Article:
saltwater

saltwater

Childlessness is like the sea, it’s always there

The hot air of a truly British heatwave shimmers over the Cornish coastline. The cloudless blue sky melts into the horizon, filling the sea and making it even more blue. Flecks of dusky pink are reflected in the calm water, hinting at the deep red sunset yet to be unveiled. Looking to my right I watch the remaining families play in the sand, celebrating the gift of a balmy summer evening in England, squeals of laughter carried by the gentle, warm breeze as the turquoise water strokes the soft sand, the sky, crystal clear and celebrating.

I turn my head and my thoughts back to where I am, rejoining the crowd of people sitting around me on a patchwork of blankets and towels stretching across the sand. Some new friends, some I’m yet to speak to, and Dave sat next to me. In my hand is a sheet filled with song lyrics, God songs, printed words of praise calling me to join them. In front of me the strings of guitar, banjo and violin begin to play and voices join with them, songs of praise drifting up into the warm, salty air. Instead of lifting my eyes up, I look down to my feet and slide my toes into the sand, feeling its coolness and watching the soft grains peppered with pieces of broken shell slide over the top of each foot. I want to sing but there are no words of praise to be found within me, so I let the rhythm of the guitar and the the waves of gathered voices carry mine with them, disconnecting my heart from the words leaving my mouth. I think about God briefly, wondering if he knows the words I’m singing are merely a mask covering my mute heart, and then I remember He is God, of course He knows.

The music softens, the singing replaced by words of prayer and praise. I listen politely but know I cannot join them, for my voice comes from a different place. Praise floats up into this perfect summer’s evening. I close my eyes, allowing my weary body to be carried by these hearts full of faith and hope and deep, deep joy. The guitar and banjo continue to play, then the violin joins them, dancing over the chorus of another song of worship to the creator. I long to stay here forever, my soul lifted by the trio of stringed instruments and the gentle rhythm of the glistening tide on its eternal journey, but I know I need to tend to my own heart and the place I find myself in right now. I get up slowly and quietly, turning to walk away from the group, gently resting my hand on Dave’s shoulder reassuring him I’m okay. I leave my new friends sat on the sand singing folk songs and God songs, the string medley washing around me as I walk to the water’s edge. On my journey towards the tide I notice a beautiful sea-weathered shell, soft lines curving over it, dusky pink fading to white. I bend down to pick it up, brushing the damp sand away to inspect its pattern more closely. I stroke it’s smooth surface, tracing the lines with my finger before placing it safely into the pocket of my long, turquoise patterned skirt. Then I find a mussel shell, unharmed by the power of the sea it came from. It’s vibrant blue and black lines shouting out amongst the pastel yellows and pale blues of the seaside. I bend down again to collect it, salt water creeping up and curling over my toes. I continue my journey along the growing tide line with the music gently following me as I search for more shells, studying each one before carefully storing it in my skirt pocket, rejoicing in each new discovery, knowing that soon they will be hidden again, covered by the depths of the sea and the secrets it holds. Walking along the freshly drenched sand, rescuing shells from the encroaching tide, I think about our baby daughter and how beautiful she would have been and how much I would have loved her. I imagine holding her, watching her play, watching her smile, then holding her once again, my heart bursting with love for her. I dust the sand off one last shell found glistening in the dusky pink light of the most perfect sunset, and place it in my pocket. I feel the weight of my skirt hanging off my hips, the lightweight fabric carrying a priceless treasure. I slide my hand into my pocket, salty fingertips searching through my carefully curated collection of shells, each one a reminder of the eternal journey of the sea, rising, then retreating once again to reveal the beauty of life hidden within it. I lift my eyes up from the golden path beneath my feet and look out across the glittering ocean, the warm light of the sunset reflected onto my face. I love the sea, I love its presence, its power and its depth, holding more salt water than I could ever cry.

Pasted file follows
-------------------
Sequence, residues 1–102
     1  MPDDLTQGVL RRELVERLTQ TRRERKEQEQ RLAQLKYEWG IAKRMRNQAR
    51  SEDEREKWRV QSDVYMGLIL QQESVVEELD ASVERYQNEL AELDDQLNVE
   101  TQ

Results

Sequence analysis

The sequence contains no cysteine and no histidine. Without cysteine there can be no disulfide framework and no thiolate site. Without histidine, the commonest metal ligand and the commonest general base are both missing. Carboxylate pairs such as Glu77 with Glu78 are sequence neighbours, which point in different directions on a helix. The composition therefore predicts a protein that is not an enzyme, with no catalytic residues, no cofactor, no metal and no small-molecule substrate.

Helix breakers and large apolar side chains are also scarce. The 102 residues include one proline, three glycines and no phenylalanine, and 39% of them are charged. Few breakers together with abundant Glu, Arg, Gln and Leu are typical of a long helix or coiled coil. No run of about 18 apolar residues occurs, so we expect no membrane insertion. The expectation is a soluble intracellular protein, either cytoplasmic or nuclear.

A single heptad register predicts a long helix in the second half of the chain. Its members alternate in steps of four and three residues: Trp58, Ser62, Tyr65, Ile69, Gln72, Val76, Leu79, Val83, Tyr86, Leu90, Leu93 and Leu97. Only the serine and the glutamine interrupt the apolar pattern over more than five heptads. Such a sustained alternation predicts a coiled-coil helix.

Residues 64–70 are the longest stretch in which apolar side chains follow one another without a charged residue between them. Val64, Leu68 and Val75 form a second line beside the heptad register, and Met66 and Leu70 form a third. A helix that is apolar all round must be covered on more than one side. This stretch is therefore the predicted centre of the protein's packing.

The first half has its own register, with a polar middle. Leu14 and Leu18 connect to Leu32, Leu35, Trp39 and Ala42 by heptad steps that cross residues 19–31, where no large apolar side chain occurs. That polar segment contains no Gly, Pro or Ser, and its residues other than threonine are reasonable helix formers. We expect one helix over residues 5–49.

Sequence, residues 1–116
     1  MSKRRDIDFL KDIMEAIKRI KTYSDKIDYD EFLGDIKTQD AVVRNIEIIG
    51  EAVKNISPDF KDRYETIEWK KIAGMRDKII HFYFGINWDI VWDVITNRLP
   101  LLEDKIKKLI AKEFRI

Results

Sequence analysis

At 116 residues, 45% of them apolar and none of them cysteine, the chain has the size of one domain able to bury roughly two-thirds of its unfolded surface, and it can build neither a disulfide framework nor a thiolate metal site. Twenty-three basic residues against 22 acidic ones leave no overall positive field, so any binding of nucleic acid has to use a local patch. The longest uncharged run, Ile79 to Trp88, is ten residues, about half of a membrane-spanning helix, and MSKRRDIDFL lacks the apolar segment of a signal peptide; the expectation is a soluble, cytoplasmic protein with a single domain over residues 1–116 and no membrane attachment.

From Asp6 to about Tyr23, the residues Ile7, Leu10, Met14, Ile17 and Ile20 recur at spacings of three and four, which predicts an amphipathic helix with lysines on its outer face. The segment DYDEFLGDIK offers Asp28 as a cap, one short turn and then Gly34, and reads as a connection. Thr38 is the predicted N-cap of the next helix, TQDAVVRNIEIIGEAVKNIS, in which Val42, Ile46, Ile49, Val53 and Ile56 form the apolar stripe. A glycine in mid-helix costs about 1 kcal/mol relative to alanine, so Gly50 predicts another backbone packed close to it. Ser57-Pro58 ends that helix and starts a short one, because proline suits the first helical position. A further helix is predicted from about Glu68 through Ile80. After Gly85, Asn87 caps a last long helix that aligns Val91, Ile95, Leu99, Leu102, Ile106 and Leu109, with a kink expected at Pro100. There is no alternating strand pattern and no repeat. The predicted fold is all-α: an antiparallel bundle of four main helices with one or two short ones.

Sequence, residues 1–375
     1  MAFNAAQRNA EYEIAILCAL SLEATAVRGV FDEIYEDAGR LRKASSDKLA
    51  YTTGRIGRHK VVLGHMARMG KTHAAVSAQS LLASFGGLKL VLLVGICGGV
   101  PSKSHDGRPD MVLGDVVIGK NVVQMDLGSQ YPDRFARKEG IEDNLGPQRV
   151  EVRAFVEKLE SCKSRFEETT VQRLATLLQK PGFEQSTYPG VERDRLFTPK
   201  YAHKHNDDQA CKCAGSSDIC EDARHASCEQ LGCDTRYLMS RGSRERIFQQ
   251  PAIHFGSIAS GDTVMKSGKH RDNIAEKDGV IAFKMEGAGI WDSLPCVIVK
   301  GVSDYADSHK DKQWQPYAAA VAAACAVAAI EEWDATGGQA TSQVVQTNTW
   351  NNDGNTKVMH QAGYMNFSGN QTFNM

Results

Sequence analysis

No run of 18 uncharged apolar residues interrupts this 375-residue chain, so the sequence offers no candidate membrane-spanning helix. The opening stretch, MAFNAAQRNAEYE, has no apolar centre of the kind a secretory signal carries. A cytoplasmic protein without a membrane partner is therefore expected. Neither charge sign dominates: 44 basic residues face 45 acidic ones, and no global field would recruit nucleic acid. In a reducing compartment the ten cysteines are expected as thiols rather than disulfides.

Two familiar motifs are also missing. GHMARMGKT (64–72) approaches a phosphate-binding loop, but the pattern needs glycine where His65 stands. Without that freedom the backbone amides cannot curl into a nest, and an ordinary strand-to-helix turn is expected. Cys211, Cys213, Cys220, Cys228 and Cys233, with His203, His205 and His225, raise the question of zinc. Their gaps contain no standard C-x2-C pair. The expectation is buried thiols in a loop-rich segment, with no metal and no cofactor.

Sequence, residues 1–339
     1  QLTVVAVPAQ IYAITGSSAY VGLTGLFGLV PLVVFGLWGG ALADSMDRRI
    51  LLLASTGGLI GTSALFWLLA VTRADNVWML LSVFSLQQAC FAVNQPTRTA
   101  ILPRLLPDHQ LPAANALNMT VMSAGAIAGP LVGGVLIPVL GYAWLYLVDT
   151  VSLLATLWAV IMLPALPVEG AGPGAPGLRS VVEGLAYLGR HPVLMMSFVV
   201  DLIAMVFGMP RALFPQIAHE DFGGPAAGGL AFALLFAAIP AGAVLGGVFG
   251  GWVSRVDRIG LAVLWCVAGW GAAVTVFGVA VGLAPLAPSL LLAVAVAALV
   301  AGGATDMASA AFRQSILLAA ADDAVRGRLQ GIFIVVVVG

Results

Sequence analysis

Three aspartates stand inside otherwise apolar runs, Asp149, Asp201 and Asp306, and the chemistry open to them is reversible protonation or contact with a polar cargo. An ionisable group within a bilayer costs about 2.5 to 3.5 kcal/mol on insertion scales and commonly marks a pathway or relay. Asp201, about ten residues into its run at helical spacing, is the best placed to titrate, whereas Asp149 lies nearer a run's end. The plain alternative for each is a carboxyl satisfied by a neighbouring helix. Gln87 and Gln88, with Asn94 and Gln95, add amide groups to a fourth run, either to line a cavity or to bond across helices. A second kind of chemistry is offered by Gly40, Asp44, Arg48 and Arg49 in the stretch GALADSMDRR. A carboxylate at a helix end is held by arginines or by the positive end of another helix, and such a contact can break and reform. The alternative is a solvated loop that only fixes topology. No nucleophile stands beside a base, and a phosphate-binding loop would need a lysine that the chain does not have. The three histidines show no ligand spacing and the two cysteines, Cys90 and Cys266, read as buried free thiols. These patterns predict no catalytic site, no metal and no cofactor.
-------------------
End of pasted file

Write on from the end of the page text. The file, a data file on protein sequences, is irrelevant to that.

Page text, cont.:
Childlessness is like the sea,
It’s always there
When the pain becomes more acute
and the grief overwhelms
The tide rises,
covering the open space of the beach and the rocks.
As the tide goes out,
the pain subsides,
the voice of grief becomes quieter,
and a spacious place opens up
Providing space to play and explore
This pattern of life continues to ebb and flow.
Seasons change,
The years go by
And still the sea is there,
The angry waves crashing down,
The tide filling the space,
Calmly retreating,
Then rising once again.